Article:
That’s the world we live in. One of violence and cold hard cash. If you expect peace and love to reign in a field at Watkins Glen you’re delusional.
So expect Woodstock 50 to be a blip in history.
Then again, the Stones didn’t get around to touring big until their 51st. But people didn’t refrain from buying tickets because it wasn’t an anniversary year, they wanted to see the Stones.
Do people want to see the Woodstock 50 lineup in the middle of nowhere?
Almost definitely not. The festival was ill-conceived to begin with.
We never got our flying cars and if we want to see nudity we just fire up our browser. Everything’s virtual these days. But, if people want to connect, they expect creature comforts, that was one of the selling points of Fyre.
If Lang was smart, he’d be filming the whole thing, like AEG with the Michael Jackson rehearsals. So when it’s all said and done he could sell the movie to Netflix, you know they’d buy it, and for a pretty penny. And then Michael Lang could go on a lecture tour, telling his story to those who want to know how you dupe a major advertising agency to drop that much money.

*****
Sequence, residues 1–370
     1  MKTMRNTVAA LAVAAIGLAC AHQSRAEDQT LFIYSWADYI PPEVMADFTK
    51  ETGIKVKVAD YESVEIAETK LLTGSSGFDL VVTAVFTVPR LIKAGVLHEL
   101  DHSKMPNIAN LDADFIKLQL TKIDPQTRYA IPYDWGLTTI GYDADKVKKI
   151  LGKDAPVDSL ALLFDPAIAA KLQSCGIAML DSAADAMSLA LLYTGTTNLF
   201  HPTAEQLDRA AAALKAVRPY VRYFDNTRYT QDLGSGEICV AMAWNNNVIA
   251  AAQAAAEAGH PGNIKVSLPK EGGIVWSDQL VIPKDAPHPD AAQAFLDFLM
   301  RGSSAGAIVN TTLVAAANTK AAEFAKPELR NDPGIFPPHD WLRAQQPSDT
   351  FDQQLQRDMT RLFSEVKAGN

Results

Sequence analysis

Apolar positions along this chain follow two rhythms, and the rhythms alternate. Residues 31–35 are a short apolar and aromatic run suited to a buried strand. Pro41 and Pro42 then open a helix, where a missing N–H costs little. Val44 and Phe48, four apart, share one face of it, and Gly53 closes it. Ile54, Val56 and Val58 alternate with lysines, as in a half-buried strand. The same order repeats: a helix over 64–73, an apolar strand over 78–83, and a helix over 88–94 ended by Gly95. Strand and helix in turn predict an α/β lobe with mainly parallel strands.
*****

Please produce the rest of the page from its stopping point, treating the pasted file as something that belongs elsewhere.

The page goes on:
After all, the original Woodstock was saved by the movie.
You’ve got to think out of the box.
Unfortunately, Michael Lang has been thinking inside the box, but one without even four sides. The original Woodstock was an envelope-pushing revolution that captured a national zeitgeist the major media had missed. Woodstock 50 is just a me-too event. We’ve been there, we’ve done that, we want something new and different, that was the appeal of Fyre, an exclusive group hanging together and making connections.
Never forget it’s about the audience today, more than the acts. They want to text and shoot selfies and do drugs and post it all to Instagram to embellish their brands. Acts come and go, but individuals are here forever!
So you’ve got to think backward, like the VCs, what does the public want, what do people want to buy?
They don’t want Woodstock 50. At least not enough to ensure a success.
As the Who once sang, this song is over, no one wants to sing it in the wide open spaces, no one wants to sing it to the infinite sea. But the question is, are they searchin’ for a note, pure and easy, playing so free, like a breath rippling by?
Actually, they are, they call it Newport Folk, off the radar but legendary, and continuous.
There’s a way to make festivals work.
This isn’t it.